PowerPoint Accessibility Checklist

PowerPoint presentations are by their nature highly visible; meaning “designed for viewing by sight”. This inherent visualness can create barriers to both accessing and fully comprehending slide content for audience members who may experience vision impairment, color blindness or cognitive disabilities.

This does not mean that an accessible PowerPoint has to be plain, boring, or all text and bullets. They can be colorful, dynamic, interactive, accessible and usable if the author is willing to take the time and attention to make them so.

Checklist Questions

  1. Does the text/background, or images of text/background have a contrast ratio of at least 4.5:1?
    • Users with low vision and color blindness may have difficulty reading documents that do not present sufficient contrast and color difference between background and foreground elements. Exceptions:
      • Large-scale text and images of large-scale text should have a contrast ratio of at least 3:1;
      • Decorative images / images of text; including logotypes
  2. Was a Sans Serif Font of at least 12 point size used?
    • Serif and Cursive fonts often have flares or strokes on the tips or ends of the letters, which may be difficult for some learners to read, and those with vision impairments may have difficulty reading text that is smaller than 12 point size.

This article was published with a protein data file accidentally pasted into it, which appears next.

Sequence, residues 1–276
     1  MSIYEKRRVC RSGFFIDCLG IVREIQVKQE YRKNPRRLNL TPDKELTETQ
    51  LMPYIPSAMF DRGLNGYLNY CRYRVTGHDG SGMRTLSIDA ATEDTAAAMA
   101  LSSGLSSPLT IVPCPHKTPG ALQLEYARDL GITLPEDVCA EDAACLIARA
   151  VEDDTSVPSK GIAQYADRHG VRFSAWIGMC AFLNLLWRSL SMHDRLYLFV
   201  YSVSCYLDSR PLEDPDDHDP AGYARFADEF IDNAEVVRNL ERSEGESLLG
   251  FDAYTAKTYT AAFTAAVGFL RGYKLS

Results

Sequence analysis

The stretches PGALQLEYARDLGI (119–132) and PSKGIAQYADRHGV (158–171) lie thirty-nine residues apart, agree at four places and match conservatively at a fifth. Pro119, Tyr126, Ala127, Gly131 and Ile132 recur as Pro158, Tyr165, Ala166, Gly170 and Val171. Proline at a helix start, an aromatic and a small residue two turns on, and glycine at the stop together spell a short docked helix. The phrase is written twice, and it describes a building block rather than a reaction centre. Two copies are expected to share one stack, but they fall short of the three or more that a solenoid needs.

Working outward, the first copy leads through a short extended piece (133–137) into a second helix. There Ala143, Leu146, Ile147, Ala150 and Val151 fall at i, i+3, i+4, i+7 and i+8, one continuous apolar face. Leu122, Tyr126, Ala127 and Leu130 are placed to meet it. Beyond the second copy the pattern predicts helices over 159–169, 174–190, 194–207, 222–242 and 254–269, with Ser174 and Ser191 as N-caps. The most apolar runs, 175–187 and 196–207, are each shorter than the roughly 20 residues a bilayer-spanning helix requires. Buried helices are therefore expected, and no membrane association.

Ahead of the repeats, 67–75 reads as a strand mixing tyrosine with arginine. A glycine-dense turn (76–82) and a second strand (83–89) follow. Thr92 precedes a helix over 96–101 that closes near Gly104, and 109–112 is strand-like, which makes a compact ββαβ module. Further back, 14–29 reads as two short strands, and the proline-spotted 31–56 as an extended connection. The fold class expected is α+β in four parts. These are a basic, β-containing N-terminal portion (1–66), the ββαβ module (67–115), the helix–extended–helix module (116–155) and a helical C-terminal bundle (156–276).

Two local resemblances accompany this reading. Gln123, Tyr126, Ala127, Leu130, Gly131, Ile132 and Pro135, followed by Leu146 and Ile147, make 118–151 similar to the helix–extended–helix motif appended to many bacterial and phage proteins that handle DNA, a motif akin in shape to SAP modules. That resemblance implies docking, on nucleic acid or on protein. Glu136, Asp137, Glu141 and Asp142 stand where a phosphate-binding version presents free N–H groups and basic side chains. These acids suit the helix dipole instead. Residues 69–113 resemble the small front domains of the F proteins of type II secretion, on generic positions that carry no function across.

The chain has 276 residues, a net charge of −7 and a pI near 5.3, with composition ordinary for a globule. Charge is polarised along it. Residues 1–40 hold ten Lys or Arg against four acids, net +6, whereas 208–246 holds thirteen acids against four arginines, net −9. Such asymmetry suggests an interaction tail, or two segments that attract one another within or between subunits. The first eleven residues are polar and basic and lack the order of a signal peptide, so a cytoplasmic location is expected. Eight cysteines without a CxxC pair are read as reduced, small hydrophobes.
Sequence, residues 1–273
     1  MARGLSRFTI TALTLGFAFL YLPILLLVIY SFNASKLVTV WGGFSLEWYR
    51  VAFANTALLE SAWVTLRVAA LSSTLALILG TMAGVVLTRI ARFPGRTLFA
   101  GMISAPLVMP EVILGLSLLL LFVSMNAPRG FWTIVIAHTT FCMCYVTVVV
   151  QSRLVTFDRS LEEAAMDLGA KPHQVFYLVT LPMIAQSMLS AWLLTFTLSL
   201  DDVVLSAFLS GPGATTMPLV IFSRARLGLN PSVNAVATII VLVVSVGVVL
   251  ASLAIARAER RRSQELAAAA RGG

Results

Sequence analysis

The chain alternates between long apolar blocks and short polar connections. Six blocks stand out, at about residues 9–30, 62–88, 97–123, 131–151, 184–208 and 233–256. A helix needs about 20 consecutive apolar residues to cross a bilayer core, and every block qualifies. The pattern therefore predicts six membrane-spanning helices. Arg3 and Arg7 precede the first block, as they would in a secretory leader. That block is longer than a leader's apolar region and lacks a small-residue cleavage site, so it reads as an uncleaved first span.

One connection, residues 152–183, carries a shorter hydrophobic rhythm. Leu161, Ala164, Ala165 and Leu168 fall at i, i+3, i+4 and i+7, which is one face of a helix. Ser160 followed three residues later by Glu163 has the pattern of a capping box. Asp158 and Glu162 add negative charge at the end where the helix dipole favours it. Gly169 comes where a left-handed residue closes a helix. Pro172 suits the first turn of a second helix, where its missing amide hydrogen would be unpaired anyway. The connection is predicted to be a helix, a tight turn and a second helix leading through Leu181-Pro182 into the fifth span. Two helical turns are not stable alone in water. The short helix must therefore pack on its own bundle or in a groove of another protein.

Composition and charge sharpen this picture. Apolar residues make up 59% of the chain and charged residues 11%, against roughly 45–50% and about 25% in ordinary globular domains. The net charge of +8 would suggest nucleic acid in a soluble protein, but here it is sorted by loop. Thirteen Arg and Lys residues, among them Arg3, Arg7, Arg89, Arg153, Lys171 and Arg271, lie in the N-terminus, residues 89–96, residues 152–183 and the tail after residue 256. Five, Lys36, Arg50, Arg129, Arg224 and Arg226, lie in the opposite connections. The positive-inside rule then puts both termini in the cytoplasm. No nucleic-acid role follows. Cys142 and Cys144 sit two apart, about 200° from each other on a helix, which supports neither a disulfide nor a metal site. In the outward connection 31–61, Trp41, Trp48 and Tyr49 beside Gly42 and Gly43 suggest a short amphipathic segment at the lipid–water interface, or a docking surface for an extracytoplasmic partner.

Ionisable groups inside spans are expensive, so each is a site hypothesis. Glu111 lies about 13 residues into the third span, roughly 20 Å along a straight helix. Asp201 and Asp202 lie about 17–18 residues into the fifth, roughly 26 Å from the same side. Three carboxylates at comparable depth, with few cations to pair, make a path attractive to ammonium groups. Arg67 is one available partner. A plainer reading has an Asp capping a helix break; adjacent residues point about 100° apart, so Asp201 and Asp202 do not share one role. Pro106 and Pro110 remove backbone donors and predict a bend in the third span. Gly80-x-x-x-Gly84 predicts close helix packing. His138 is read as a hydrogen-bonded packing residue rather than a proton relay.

• In addition, screen readers will often interpret symbols or non sans serif font bullets as letters or numbers.
  3. If color/text formatting (bold etc.) was used to convey important information, was the importance of the information conveyed in another manner?
    • Importance of information conveyed by using color/text formatting will be unavailable to users of assistive technology.
    • Importance of information indicated by color alone will be missed by those using non-color/non-visual displays.
    • In addition, those who experience color-blindness may not be able to discern the colors used to indicate the importance of the information being conveyed.
  4. Were single level lists used, or was a combination of letters/numbers/bullets used to indicate list hierarchy?
    • Assistive technology such as screen readers or refreshable braille displays do not recognize nested or multi-level lists in PowerPoint, therefore the user will not be able to identify the hierarchy of the list items being presented.
  5. If hyperlinks were used, were the URL/email addresses also provided as plain text? Were URL destinations and email recipients clearly and contextually indicated?
    • Screen readers do not recognize hyperlinks within PowerPoint, therefore the hyperlink text will be identified and read as plain text to the user.
  6. If flow/organizational charts or other multi-layered images/charts/graphs were used, were they grouped together to create one content item?
    • When multi-layered items are not grouped as one content item, assistive technology will identify and interact with each layer individually causing misinterpretation of the information, which can lead to frustration and confusion for the user.